In 2014 the Irish Film Institute (IFI) Irish Film Archive faced the need to preserve digital formats alongside its traditional analogue collections. The switch to digital formats within the film and broadcasting sector in Ireland was sudden, encouraged by a government sponsored scheme enabling cinemas to change from analogue to digital exhibition.  This left the IFI Archive with no option but to take in digital material as part of our preservation agreements with the two main funders of moving image production in Ireland, the Broadcasting Authority of Ireland and the Irish Film Board. 

After securing funding from the State to upgrade our digital infrastructure so that we could deal with the processing and storage of high resolution files we realised that much of the software and equipment we had purchased was made for the broadcast sector and had not been created with long -term preservation in mind. Frustrated when a vendor issue wasn’t being addressed, one of our team Kieran O’Leary learned to write python and created a script that solved the problem that was restricting our development. This led to the development of a suite of tools which not only can be used by the IFI into the future but have proven beneficial to a range of international organisations. These scripts are used by the Irish Film Archive staff’s daily for activities such as fixity, movement and transcoding. Adopting a microservices architecture has enabled the archive to create discrete modular services and applications that can work independently or as part of a larger workflow structure. Being able to create bespoke open source tools has transformed the way the Archive works, automating many of the preservation and quality control tasks within our digital work flows.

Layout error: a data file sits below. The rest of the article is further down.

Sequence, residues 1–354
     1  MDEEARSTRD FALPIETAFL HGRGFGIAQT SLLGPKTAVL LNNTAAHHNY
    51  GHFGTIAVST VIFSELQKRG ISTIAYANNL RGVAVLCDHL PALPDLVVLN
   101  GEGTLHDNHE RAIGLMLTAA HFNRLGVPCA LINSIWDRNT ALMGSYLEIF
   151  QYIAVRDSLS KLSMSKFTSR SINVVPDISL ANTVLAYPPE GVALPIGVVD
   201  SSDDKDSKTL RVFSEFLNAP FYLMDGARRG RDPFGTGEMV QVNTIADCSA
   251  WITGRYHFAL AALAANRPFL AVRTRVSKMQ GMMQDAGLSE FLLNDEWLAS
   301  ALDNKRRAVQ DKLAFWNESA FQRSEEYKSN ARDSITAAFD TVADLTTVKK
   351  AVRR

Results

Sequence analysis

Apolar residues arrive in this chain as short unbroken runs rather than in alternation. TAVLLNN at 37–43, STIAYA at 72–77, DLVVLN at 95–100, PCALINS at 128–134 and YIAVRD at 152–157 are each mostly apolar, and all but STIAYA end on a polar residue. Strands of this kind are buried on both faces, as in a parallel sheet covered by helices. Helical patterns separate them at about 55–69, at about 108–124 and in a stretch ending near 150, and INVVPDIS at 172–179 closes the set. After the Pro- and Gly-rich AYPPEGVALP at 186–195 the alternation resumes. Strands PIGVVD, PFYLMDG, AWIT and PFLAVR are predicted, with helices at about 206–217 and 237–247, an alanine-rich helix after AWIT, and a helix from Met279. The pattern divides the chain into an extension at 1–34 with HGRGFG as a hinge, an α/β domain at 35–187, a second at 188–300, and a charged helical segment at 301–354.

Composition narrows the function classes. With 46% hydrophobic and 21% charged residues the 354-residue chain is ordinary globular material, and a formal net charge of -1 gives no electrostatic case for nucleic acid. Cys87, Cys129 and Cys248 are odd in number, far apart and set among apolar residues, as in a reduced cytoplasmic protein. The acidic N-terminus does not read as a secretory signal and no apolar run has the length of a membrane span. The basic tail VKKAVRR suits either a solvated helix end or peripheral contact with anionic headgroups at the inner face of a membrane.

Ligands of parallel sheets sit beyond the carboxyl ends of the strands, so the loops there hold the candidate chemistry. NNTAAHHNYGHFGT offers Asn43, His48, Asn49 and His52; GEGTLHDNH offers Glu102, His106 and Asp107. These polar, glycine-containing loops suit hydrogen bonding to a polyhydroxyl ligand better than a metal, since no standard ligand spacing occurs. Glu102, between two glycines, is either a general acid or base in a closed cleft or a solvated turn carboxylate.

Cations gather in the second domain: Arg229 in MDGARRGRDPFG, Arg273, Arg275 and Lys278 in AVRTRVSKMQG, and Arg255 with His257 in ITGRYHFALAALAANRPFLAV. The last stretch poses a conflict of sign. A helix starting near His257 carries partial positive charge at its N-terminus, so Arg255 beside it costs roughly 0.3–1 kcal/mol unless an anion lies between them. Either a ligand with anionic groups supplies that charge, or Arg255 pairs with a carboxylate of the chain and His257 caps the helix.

The IFIscripts were born out of necessity, IFI Archive staff were both restricted by funding limitations and influenced and encouraged by the work of other archives that had adopted Open Source Software solutions. These organisations shared their tools freely which in turn encouraged the IFI to also share our in-house tools. Our engagement with a dynamic community of likeminded archivists and developers has been fundamental, where possible, contributed to the Open Source projects that it uses, which leads to a sustainable, collaborative engagement with software development and use.